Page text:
In the last 30 years, several vulture reintroduction and enforcement projects were started in Europe. These projects are an important contribution to the recovery of extinct, or almost extinct populations. In 1981, LPO (Ligue pour la Protection des Oiseux) started a reintroduction project for Griffon vulture in Southern France, which has become one of the most succesfull reintroduction projects worldwide.
The Black Vulture Conservation Foundation started in 1984 with the release of Cinereous vultures on the island of Mallorca, where the population had decreased to less than 20 animals and no breeding pairs. According to the latest census, around 125 birds are now again home on Mallorca, with 14 breeding pairs!
In 1992, a reintroduction project for Cinereous vultures was started in France, in cooperation with LPO. In the Grand Causses (Massif Central), where the species became extinct in the early twentieth century, a total of 53 birds were released in the period from 1992 to 2004. Since then, the population is growing naturally and the number of breeding pairs exceeds 20! Since 2004, a second reintroduction project was started in two areas previously identified for release of Griffon vultures, in the French Alps. In all, there are now 34 birds released, and in the spring of 2009 for the first time in 150 years a breeding pair was observed again in this area.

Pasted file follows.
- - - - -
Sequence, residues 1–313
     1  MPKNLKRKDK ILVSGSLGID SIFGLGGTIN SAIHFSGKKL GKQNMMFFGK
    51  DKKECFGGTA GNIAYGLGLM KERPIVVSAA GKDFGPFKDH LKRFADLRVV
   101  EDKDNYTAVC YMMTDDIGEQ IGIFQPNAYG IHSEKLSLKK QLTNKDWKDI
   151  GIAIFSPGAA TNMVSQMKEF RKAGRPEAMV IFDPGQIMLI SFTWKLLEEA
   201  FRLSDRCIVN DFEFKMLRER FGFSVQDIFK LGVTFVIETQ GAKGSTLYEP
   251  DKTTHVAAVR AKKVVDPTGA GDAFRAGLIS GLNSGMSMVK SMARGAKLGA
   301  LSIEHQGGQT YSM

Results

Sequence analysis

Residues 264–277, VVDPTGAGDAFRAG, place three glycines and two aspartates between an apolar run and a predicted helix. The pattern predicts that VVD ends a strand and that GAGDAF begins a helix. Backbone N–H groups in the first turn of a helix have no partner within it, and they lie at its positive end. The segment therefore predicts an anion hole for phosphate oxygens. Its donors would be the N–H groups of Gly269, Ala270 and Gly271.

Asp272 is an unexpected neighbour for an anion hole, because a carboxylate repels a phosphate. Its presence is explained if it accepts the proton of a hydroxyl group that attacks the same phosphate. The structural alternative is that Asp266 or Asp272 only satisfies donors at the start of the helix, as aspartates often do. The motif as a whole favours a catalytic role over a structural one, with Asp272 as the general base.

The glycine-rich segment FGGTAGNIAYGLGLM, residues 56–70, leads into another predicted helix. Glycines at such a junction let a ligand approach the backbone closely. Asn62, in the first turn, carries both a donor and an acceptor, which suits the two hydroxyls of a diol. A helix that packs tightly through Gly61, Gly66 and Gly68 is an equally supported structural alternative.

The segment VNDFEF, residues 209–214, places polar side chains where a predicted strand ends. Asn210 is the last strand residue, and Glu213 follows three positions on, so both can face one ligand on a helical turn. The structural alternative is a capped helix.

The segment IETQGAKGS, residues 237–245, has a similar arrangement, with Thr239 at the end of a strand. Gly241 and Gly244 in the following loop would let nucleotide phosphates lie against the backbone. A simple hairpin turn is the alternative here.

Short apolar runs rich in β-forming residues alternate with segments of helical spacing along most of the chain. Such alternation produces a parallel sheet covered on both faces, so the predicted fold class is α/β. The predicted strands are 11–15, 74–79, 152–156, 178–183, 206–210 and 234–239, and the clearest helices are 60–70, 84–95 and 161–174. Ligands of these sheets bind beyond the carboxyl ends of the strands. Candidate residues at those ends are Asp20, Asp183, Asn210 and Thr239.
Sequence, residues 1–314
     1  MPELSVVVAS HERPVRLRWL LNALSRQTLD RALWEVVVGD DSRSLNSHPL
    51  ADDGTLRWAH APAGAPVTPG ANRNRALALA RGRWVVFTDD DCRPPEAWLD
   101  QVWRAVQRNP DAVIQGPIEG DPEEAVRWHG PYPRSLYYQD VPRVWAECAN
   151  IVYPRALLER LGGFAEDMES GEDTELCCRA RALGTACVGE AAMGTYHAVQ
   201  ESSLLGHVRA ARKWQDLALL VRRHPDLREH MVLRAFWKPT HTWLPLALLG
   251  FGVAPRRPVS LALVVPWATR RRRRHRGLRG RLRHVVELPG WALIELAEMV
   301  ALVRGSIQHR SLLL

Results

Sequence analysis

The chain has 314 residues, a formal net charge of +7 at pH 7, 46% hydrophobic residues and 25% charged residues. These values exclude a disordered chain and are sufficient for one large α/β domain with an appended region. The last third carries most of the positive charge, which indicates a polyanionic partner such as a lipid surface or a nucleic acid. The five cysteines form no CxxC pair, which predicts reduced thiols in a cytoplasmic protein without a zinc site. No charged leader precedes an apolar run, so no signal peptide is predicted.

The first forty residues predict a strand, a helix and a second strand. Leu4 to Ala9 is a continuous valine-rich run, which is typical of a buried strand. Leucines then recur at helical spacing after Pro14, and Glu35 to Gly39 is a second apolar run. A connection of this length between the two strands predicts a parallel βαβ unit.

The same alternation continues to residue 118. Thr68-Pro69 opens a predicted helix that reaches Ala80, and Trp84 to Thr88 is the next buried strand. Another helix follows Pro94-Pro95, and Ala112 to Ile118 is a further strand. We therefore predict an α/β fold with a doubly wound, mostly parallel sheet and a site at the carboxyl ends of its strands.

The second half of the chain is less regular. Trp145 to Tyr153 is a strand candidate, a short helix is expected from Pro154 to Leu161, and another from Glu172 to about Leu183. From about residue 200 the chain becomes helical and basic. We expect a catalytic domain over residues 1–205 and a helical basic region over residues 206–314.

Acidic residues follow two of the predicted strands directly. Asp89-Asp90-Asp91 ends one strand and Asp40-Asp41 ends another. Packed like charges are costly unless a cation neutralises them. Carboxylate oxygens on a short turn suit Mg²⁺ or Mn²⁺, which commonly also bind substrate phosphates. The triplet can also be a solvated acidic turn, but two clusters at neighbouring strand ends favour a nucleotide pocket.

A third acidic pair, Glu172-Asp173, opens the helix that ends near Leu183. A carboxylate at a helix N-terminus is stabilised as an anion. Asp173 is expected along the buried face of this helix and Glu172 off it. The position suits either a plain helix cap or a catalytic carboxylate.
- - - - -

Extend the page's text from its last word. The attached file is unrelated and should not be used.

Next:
The Foundation for the Conservation of Bearded Vultures (FCBV), now VCF, started a reintroduction project for Bearded vultures in the Alpine region. Four national parks, stretched across the Alpine region at 200-300 km apart, were selected as suitable areas for release of Bearded vultures, and in 1986 the first birds were released in Hohe Tauern National Park in Austria. Hereafter followed Haute Savoie in France, Engadine/Stelvio on the border between Italy and Switzerland, and Mercantour/Alpi Marittime on the border of France and Italy. Since 1997, when the first breeding pair successfully raised a chick in the wild, over 60 wild born vultures fledged, and more than 140 vultures soar again in the Alpine skies. Because of this high success and the experience gained, a new reintroduction project was started in 2005 in Andalucia, Spain.
All these projects are fully successful only when populations reach a demographic balance, where numbers remain stable without the necessity of new introductions. By establishing ‘corridors’, connecting the populations, VCF tries to ensure the expansion of vultures into all suitable habitat in Europe.